Izibalo – the music of mathematics

Once He realised that Heart could only take him thus far …having bitterly remembered the words of his primary school teacher Mr Madonsela; “Ngaphandle kwalezizibalo awusoze waphumelella mfana wami. Kubambe lokhu, izibalo ziyikho konke emhlabeni.”- Quality decisions had to be taken. He paused to reminisce. Somehow he knew that the solutions of his present and future challenges lay in the past. He thought of the Sankofa bird sysmbolism. Everything was semiotic. He reflected on many of his dreams, about how he simply couldn’t recollect many of the important ones, visions that not only felt like building blocks to the house of his ehhh, dreams. They seemed like ruined palaces, or broken and ineffective bridges across life’s raging rivers. There were dreams which he would remember quite well, clear as a bell, so clear that he even neglected to write them down in his journals.

Had Heart and experience not taught him that patterns were as important as the mathematics his brain couldn’t quite grasp, had Heart not assured him that as long as he could remember certain sequences the whole sacred geometry of his existence would simply fall in place like any puzzle?

Inspite of all the relative successes in his life, Mr Madonsela’s words regarding the supremacy of mathematics still haunted him …stalking him through home, work and even through various relationships … It often seemed that every thing needed to be calculated appropriately in order for it to take its most meaningful form, I order to reach its fullfillingness. There goes that word again; a word which he only shared with the physically blind yet visionary balladeer Stevie Wonder. Whatever happened to Fullfillingness the 2nd Suite? Had the legendary lyricist abandoned the idea of a second suite or could it be that certain records take their final form even in apparent incompleteness?

Add a link to Stevie Wonder’s album, Fullfillingness: The First Finale, plus some lyrics from the most evocative songs therein.

Music too seemed to have suffered from his lack of mathematical accuracy. Surely it was not just the algebra or the arithmetic that his brain couldn’t grasp, he loved the science of numbers and had even grappled with numerology and other occult sciences, but his struggles in the accounting class during high school firmly reminded him that hard as he tried, mathematical calculations were just not his thing. His long suffering Mother had put him into afterschool classes, hiring tutors who had the utmost patience and warmest approaches, yet still as hard as he tried- numbers just eluded him, there was something just beyond the reach of his brain – a scattered brain in the most proverbial sense … somehow he also knew that it waz never too late to transform his brainpower – all he ever needed was to exert himself and become diligent in each task. Both the music, the relationships, his very existence depended on him finally cracking the numerical patterns – his dreamlike as well as his waking life depended on it. Wake up and work on it while it counts.

Humour and numbers ….There is a relationship there. If you can catch or create an effective joke, surely you could crack some numbers. That is not to say that comedians are mathematical prodigies, but there must be some kind of left/right brain affinities between an expertly calculated joke and success in numbers- perhaps a little research on the educational biographies of the most successful pranksters and wittiest comedians is in order. Surely not every Fool is a complete clown. Why was he suddenly thinking of Prince’s song “Joy In Repitition”?

Written To Jazz by Biko’s Dream

threads of rhythmic memory

music charged with the spirit of defiant dreams

disquieting bass-lines and translucent chords

imbued with the memory of these walls

the visionary ghosts of women

and men who have toiled here

through the streets of bloodied gold and toxic asbestos

brought here trembling and cold

to life by the music that urges us

to never forget to remember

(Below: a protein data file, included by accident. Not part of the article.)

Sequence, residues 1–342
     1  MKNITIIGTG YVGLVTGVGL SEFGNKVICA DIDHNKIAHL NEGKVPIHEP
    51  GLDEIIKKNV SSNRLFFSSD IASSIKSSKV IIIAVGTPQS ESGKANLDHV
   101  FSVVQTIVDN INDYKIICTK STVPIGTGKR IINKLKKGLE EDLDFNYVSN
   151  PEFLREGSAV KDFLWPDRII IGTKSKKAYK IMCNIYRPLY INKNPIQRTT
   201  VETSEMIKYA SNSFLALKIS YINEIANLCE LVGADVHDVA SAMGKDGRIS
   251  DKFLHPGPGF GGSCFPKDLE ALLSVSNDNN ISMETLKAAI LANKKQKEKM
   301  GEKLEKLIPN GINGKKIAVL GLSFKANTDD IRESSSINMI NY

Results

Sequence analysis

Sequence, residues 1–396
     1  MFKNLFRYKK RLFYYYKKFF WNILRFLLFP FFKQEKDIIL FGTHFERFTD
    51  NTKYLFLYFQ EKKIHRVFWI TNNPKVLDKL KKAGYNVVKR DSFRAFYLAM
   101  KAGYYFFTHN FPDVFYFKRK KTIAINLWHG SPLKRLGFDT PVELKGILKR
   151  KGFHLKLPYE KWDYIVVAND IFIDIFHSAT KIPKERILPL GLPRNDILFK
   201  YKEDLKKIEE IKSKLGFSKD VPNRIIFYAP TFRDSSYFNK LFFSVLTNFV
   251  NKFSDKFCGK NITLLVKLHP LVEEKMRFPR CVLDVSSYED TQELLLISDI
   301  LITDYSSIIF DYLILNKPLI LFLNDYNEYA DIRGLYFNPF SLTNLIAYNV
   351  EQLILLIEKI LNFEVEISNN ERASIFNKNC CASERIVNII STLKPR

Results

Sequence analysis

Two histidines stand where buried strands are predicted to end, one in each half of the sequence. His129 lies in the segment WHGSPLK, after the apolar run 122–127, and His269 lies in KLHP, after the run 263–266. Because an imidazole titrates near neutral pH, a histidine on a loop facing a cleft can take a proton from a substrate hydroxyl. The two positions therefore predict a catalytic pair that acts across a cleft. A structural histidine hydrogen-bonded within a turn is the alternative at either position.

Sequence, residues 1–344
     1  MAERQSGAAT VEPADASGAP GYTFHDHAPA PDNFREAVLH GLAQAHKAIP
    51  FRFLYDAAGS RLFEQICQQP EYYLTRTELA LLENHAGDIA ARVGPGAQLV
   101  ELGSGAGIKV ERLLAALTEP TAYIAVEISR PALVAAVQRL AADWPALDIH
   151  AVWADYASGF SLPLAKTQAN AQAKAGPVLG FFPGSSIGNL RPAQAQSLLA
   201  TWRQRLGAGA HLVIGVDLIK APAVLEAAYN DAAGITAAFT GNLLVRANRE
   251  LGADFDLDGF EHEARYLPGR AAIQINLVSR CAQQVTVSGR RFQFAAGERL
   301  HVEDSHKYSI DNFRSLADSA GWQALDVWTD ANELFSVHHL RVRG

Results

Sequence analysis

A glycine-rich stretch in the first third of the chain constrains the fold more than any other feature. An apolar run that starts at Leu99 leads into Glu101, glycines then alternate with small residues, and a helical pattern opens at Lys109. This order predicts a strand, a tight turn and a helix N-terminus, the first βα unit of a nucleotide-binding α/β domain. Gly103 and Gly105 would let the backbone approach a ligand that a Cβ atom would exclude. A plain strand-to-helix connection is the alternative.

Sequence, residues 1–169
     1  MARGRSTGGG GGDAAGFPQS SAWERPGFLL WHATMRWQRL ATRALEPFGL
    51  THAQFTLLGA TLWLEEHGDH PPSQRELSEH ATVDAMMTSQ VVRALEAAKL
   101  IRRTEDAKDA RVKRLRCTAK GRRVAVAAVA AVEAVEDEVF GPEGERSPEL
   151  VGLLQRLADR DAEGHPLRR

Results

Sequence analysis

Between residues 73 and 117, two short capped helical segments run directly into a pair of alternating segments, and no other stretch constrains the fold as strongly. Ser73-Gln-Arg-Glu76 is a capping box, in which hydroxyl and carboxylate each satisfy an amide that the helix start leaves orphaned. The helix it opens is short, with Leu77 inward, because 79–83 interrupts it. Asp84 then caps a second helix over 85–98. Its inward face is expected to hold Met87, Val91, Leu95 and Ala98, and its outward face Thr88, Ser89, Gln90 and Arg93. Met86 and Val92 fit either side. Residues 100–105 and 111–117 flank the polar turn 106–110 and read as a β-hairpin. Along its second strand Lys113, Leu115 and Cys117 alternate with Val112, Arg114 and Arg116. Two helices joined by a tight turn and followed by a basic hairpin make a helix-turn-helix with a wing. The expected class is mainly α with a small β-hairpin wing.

this breathing sound that makes to free us even from our lesser selves.

2. Sobukwe beno Biko ( God is here)

jazz portrait about the first time Biko met Sobukwe

there is a name that the young generation of pan-Afrikanists refuse to forget

Sobukwe, Mangaliso, also known as Robert

Prof lives and will not rest until the land is restored.

Preservation: How Myths of Creation and Extinction Become Realized

In all that we call ‘history’ – everything we clearly remember about ourselves as a species – humanity has not once come close to total annihilation. In various regions at various times there have been terrible natural disasters. But there has not been a single occasion in the past 5000 years when mankind as a whole can be said to have faced extinction.” – ( Fingerprints of the Gods: A Quest for the Beginning and the End, Graham Hancock, 1995)

Recently I watched a film called Downsizing* wherein the main story is about some people being, well – downsided or made smaller in order to preserve the life on Earth. The Norwegian scientist who discovers this remarkable idea becomes instantaneously famous and a number of communes for the smaller people are established around the world. The ecological conservation theme becomes quickly revealed as a sham as the same structural flaws of the real world begin to manifest in the small peoples world. Class divisions between the rich and poor, ambitious megalomaniacs and political abuses persevere in the world of the small people – soon the leading character realises that even though the scientists have all agreed that the world is doomed to end soon, none of their brilliant plans can stop this from occurring. The classic story of Noah’s ark is once again repeated. I remember telling my wife that the biblical story as ancient as it sounds, is not actually the only story featuring a few survivors of global destruction. In almost all the stories and myths, it is humanity’s actions which lead the Earth towards self-annihilation. Even in this time where most of us are quarantined or under house-arrest in order to save ourselves and other peoples lives from being ‘contaminated’ by an invincible virus, it is emerging that the deadly strain of the virus is actually man-made, or else just being used as a scapegoat by world-powers to continue their self-destructive competitive economic wars. It is also not far-fetched to deduce that real world war could ensue from this global state of siege. Just like in the film, there will be a few people who will try to preserve their own lives by building new homes underground as well as even fewer who will attempt to live in space stations, on the Moon or even other planets. After allowing this world to be destroyed by our own greed, we shall pursue the foolish experiments of creating our own Earth, devoid of the presence of the Creator.